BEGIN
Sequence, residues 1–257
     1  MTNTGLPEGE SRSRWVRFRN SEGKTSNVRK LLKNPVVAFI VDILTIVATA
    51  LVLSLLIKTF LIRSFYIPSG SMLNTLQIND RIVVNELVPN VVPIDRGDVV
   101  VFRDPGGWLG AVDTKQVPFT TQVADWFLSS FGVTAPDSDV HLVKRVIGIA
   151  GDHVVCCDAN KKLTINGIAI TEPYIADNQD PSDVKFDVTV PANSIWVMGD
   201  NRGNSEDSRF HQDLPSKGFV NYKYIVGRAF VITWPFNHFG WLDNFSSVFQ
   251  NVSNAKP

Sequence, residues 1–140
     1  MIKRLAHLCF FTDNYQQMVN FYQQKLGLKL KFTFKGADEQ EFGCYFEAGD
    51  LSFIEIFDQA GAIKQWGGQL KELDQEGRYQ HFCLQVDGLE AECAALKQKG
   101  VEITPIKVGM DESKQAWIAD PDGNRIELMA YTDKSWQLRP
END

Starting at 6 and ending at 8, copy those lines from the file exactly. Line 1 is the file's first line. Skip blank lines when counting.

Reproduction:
   201  NRGNSEDSRF HQDLPSKGFV NYKYIVGRAF VITWPFNHFG WLDNFSSVFQ
   251  NVSNAKP

Sequence, residues 1–140